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Vision beyond 2020: Why the next decade will be a defining period for eye health

Eye health is an essential component of human health and wellbeing. Good vision enables people to lead productive lives and plays a significant role at every stage of human life from learning to walk and read to participating in the work force. However, eye conditions are remarkably common worldwide. In fact, 2.2 billion people around the world are estimated to have some form of vision impairment, of which one million cases are preventable or yet to be treated.

The economic impact of vision impairment, and the costs and benefits of interventions are only partly understood. In February 2021, The Lancet Global Commission on Global Eye Health estimated that lost economic productivity due to vision impairment to be at least $410.7 billion (purchasing power parity). The full cost of vision impairment, however, is expected to be significantly higher and requires further research.

Although highly effective and cost-effective treatments are available for several major causes of vision impairment, including cataracts and refractive error, ageing populations and changes in lifestyles are projected to triple the prevalence of blindness by 2050. Without action, global increases in diabetic retinopathy, high myopia, retinopathy of prematurity, and chronic eye diseases of ageing such as glaucoma and age-related macular degeneration, have the potential to overwhelm already strained eye health services.

New innovations will play an important role to overcome many challenges in the delivery of eye health, including a shortage and maldistribution of well-trained personnel to deliver services across high- and low-income settings alike. Cost-effective technologies, such as home health monitoring and telemedicine, have the potential to significantly increase access to high quality eye health services in underserved areas and are essential tools to ensure the continuity of services during the COVID-19 pandemic. Furthermore, strategic investments in technology provide opportunities to enable non-specialist health workers in primary health care systems to identify and refer people that need services — a practice known as task sharing.

Solving the challenges faced to achieve universal eye health coverage will undoubtedly require increased collaboration to bring multiple sectors together towards shared goals. Partnerships between eye health, education and water, sanitation and hygiene sectors, for example, can facilitate cost-effective and sustainable strategies, including health promotion. Increased collaboration with non-communicable and neglected tropical diseases can also provide entry points and opportunities to align and advocate for the integration of eye health activities into national health plans. This is particularly important to reduce financial barriers to accessing eye care — a central component to the achievement of universal health coverage.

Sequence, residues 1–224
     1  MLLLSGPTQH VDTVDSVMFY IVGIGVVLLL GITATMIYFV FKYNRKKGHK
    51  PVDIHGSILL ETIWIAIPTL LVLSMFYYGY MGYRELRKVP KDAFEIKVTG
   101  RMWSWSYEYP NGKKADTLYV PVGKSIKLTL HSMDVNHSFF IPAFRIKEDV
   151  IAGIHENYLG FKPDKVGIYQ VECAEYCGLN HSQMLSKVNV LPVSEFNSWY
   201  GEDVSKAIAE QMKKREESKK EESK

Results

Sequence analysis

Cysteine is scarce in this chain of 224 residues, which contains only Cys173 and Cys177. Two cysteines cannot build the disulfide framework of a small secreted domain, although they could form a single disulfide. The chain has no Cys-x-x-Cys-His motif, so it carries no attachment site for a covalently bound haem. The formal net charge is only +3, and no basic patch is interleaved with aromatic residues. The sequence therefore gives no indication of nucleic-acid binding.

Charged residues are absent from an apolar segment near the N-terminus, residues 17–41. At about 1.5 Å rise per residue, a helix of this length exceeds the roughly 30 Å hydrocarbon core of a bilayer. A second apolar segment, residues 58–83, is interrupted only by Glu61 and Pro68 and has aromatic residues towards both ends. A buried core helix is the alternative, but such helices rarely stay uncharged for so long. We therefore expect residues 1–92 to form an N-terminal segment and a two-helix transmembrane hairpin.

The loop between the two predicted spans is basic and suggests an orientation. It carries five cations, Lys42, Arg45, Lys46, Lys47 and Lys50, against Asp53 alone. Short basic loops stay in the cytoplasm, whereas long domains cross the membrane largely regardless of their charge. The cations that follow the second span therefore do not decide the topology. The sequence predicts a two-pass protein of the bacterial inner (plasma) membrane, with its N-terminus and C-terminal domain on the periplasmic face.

The World Health Organization World Report on Vision, launched in 2019, recommends an integrated people-centred approach to advance progress towards universal eye health coverage. It emphasises the importance of innovative evidence-based and people-centred solutions to deliver comprehensive eye health services across the spectrum of promotion, prevention, treatment, and rehabilitation, to address the full range of eye conditions within the context of universal health coverage.

As the eye health community marks #WorldGlaucomaWeek, it is timely to recognise the importance people-centred care. Like many eye health conditions, vision impairment and blindness from Glaucoma can be prevented through effective management. However, this will require a fundamental paradigm shift towards a holistic model of care that incorporates patient education, acceptability of interventions, quality of life, in addition to intraocular pressure control.

The next decade will be a defining period for eye health. Although significant progress has been made to develop new technologies, population demographics are rapidly changing the health needs of populations. The achievement of universal eye health coverage will have profound benefits, not only for the people affected by vision impairment or blindness, but entire communities. To achieve this goal, however, eye health must be prioritised within national health plans, and investments must be made to develop innovative people-centred solutions that can be delivered equitably at scale, and that leave no one behind.
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